- Financial and/or quantitative statements
- Prepared and agreed for a specific future period
- Designed to fulfil agreed objectives
- Drawn up for separate activities/projects and for organisations
Current year budget
Next year budget
Set other reserves
Add: full year
staff, materials etc
- Prioritisation of objectives identified in the planning process and formalised via the annual plan and underpinning Service Level Agreements
- Assessment / quantification of total available resources, both financial and non financial
- SLA’s with PCTs and other NHS bodies in accordance with the National Tariff and PbRs
- Private patients, RTA’s
- Medical and non-medical training funding via the Workforce Development Directorate of the SHA
- Commercial sources of income – car parking, catering etc
- Forecast outturn at month 10 in 2010/2011 and cover direct costs under the control of the budget manager
- Pay – detailing the agreed establishment in terms of WTE, £’s by AfC and local Trust grade
- Non-pay – by subjective category e.g. drugs, M&SE, provisions, energy etc
- Internal recharges for services provided / received such as pathology, radiology etc
When assessing financial risk, Monitor will assign a risk rating using a system which looks at four criteria:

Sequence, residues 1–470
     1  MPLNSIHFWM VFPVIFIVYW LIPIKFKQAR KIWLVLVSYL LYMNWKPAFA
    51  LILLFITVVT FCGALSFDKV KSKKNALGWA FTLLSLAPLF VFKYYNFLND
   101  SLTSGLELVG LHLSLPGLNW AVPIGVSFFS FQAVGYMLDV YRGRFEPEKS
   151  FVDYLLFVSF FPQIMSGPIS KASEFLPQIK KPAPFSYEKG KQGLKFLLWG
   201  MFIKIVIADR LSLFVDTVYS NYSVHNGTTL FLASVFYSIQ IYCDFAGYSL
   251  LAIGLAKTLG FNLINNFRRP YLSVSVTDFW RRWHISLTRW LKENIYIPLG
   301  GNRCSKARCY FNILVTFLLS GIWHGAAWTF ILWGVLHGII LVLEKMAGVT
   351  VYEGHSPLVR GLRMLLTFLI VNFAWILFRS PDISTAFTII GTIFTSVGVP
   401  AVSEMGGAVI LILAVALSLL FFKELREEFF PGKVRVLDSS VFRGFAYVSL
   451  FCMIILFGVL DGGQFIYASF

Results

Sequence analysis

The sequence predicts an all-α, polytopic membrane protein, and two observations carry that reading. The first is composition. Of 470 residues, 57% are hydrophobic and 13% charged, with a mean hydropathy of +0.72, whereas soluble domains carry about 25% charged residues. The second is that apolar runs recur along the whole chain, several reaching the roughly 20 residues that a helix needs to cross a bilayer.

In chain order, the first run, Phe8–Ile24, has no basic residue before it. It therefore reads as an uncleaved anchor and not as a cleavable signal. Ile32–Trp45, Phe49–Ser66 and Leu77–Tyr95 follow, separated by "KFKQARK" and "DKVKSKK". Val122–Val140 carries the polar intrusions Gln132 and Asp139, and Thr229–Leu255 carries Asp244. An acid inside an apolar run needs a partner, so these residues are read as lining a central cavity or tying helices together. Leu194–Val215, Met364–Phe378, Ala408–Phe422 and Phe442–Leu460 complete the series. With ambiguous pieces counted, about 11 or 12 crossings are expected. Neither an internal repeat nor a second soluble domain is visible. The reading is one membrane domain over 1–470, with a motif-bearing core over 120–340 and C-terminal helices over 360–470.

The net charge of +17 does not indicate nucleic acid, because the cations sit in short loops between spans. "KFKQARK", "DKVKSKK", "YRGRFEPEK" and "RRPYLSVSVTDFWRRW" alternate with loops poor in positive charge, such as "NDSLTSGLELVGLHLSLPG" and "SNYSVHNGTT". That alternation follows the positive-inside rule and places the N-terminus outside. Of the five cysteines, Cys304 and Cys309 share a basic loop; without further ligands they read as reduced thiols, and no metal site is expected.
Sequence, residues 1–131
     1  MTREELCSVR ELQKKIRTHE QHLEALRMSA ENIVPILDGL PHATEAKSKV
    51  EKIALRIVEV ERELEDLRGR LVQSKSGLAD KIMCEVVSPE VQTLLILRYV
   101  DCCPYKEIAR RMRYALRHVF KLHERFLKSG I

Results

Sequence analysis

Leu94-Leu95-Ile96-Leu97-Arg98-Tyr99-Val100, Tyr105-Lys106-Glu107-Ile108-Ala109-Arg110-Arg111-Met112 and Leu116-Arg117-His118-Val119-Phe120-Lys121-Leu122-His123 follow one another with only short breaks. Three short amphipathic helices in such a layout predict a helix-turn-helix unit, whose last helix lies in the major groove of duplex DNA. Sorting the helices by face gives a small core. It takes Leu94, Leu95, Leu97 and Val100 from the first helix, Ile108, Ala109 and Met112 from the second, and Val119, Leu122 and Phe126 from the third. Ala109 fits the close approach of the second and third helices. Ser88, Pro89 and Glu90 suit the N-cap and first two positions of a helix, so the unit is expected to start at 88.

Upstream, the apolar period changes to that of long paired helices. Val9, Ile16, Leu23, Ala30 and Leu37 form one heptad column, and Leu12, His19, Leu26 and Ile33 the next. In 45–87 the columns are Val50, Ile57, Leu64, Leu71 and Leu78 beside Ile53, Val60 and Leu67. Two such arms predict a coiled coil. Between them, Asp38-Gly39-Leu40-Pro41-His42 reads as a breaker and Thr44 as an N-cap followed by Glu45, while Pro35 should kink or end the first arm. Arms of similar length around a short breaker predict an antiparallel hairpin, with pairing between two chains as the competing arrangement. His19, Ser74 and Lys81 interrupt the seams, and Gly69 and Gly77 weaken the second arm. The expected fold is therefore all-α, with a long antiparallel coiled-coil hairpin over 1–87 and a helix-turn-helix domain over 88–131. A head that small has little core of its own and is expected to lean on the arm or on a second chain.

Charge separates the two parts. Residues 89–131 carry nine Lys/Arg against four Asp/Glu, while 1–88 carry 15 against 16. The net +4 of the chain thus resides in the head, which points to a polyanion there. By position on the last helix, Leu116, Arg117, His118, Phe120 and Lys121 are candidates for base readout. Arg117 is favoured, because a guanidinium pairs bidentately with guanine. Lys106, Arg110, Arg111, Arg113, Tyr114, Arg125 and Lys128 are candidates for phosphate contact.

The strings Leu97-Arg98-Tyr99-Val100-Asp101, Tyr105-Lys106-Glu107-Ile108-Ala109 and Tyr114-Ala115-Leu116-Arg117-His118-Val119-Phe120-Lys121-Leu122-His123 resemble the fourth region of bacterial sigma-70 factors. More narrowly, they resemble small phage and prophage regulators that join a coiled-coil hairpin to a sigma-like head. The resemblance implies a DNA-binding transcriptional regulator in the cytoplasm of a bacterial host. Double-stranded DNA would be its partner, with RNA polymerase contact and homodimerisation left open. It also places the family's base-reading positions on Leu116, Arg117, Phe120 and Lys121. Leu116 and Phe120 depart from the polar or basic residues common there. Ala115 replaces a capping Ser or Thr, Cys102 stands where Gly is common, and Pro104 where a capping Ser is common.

- achievement of plan;
- underlying performance;
- financial efficiency; and
Achievement against each of these criteria is scored from 5 to 1 (5 indicates low risk, 1 indicates high risk). A weighted average of these scores is then used to determine the overall financial risk rating.
The risk rating is forward-looking and is intended to reflect the likelihood of a financial breach of the Terms of Authorisation. The ratings of 5 to 1 indicate:
Rating 5 - Lowest risk - no regulatory concerns
Rating 4 - No regulatory concerns
Rating 3 - Regulatory concerns in one or more components. Significant breach of Terms of Authorisation is unlikely
Rating 2 - Risk of significant breach in Terms of Authorisation in the medium term, e.g. 9 to 18 months in the absence of remedial action
Rating 1 - Highest risk - high probability of significant breach of Terms of Authorisation in the short term, e.g. less than 9 months, unless remedial action is taken
For 2011/12 the Trust are planning to achieve a FRR 3 which assumes full delivery of the £15.8 million CIP target